Private schooling?  Imo there needs to be more competition.  You need to have schools competing for students to much chance for excellence.  But I tend to think the Private system is weighed down by regulations imposed upon it by govt.

It's the old socialism problem, provide the same level of education for everyone and you get lowest common denominator.  At the same time we don't want good education being the exclusive abode of those who can afford it.  I don't know what the solution is, but if I had a kid I'd be seriously considering home schooling.  I think it could be done in less time and that you generally don't need to spend 6 hours a day educating your kid as schools do.

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#82 2011-01-11 02:53:43

Randomz
Member
From: Adelaide
Registered: 2010-05-18
Posts: 758
Trades :   

Re: Australia heads for economic crunch

s1lv3r wrote:

99% will prefer to remove the responsibility from their shoulders and relocate it to the gov-ent agency, called "school"...

That's a sweeping statement.  I don't think you can judge others on what you do or plan to do with your kids.  Or will you be one of the magical 1%?

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#83 2011-01-11 03:06:33

Randomz
Member
From: Adelaide
Registered: 2010-05-18
Posts: 758
Trades :   

Re: Australia heads for economic crunch

boston wrote:

We had our son at a prestigious private school and were totally apalled at his progress. So we removed him, and I took on the task of home schooling him.

Great post!  Our eldest won a full scholarship to a private school, but we eventually went with a state school that we felt had more to offer.  We have never regretted that decision.

Finding the right school is the key, not how much you pay for it.

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#84 2011-01-11 03:13:59

boston
Silver Stacker
From: Australia
Registered: 2009-07-06
Posts: 3,995

Re: Australia heads for economic crunch

hawkeye wrote:

I don't know what the solution is, but if I had a kid I'd be seriously considering home schooling.  I think it could be done in less time and that you generally don't need to spend 6 hours a day educating your kid as schools do.

You can pretty much cover the curriculum in 3 hours per day.


Light travels faster than sound. This is why some people appear bright, until you hear them speak...

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#85 2011-01-11 03:14:20

s1lv3r
Member
From: Melbourne, AU
Registered: 2010-09-08
Posts: 109
Trades :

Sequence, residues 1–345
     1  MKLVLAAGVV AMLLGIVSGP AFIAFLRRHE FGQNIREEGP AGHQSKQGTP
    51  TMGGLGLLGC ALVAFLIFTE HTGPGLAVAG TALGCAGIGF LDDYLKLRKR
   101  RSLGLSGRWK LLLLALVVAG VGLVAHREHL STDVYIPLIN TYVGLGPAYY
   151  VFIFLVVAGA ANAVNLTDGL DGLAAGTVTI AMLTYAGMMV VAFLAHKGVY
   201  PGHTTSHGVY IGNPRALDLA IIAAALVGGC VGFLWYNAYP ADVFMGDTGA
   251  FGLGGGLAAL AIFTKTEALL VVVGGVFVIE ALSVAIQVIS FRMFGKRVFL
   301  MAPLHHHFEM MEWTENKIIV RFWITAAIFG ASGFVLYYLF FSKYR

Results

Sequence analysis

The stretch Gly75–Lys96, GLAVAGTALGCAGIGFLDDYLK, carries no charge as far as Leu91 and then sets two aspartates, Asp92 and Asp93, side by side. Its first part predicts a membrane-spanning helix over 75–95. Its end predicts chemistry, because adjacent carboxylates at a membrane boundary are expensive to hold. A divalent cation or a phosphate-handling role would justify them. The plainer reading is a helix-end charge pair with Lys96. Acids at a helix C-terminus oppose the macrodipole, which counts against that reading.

Re: Australia heads for economic crunch

Randomz wrote:
s1lv3r wrote:

99% will prefer to remove the responsibility from their shoulders and relocate it to the gov-ent agency, called "school"...

That's a sweeping statement.  I don't think you can judge others on what you do or plan to do with your kids.  Or will you be one of the magical 1%?

Ok, I don't have at hand the stats to back me up, so may be not 99%. But do you agree that majority of kids are in school and not being homeschooled? If not, I'll make an effort to find the exact figure..

And yes, my wife and I are homeschooling our daughter.

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#86 2011-01-11 03:16:25

boston
Silver Stacker
From: Australia
Registered: 2009-07-06
Posts: 3,995

Re: Australia heads for economic crunch

Bargain Hunter wrote:

Good on you Boston. I wish my parents were more open minded like you.

Sounds like your son had one of the finest educational experiences possible, far superior to what 99%+ of people receive. You should be proud of yourself. I'm sure your son will thank you one day if he hasn't already.

I hope he reads this. big_smile


Light travels faster than sound. This is why some people appear bright, until you hear them speak...

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#87 2011-01-11 03:21:15

intelligencer
Member
From: Bris
Registered: 2010-06-24
Posts: 2,681
Trades :   

Re: Australia heads for economic crunch

I'll just give my last advices on rent vs buy.

You dont ever buy out of necessity.

You may rent out of choice, but it's more usually out of necessity.

Almost everyone who rents wants to buy, own, control etc. It's natural.

You don't rent your gold and silver afterall.

So what does it reduce down to?

Inflation. Debasement of currencies and its impact on saving. If savings were immune from and not subject to being stolen by inflation then saving for a home would be a reasonable choice.

But as long as there is inflation, and lets face it, it's the default system everywhere and is the low lying land to which all systems eventually go towards, no matter where they start.

Inflation favours the buyer and borrower. There just isnt any way around that bald fact. Therefore borrowing and buying is like swimming with the tide.

The mistake people make is more often overstretching and overborrowing.

Most renters have no clue about how to save and protect their savings from the effects of inflation.


How about selling up and renting? Putting ones money into an interest bearing account and using the interest to pay your rent?

Sounds good? Not to me. Having all your money in the inflation pool? Earning interest at less than the rate of inflation, and disappearing in rent payments. Gambling on the amount of fall in prices to buy back into a house. When you already owned one?

Unless you have seriously overborrowed and can comfortably pay your loan, then you won't do too badly. Inflation and inflationary policy will get you off the hook as long as you can keep your payments going.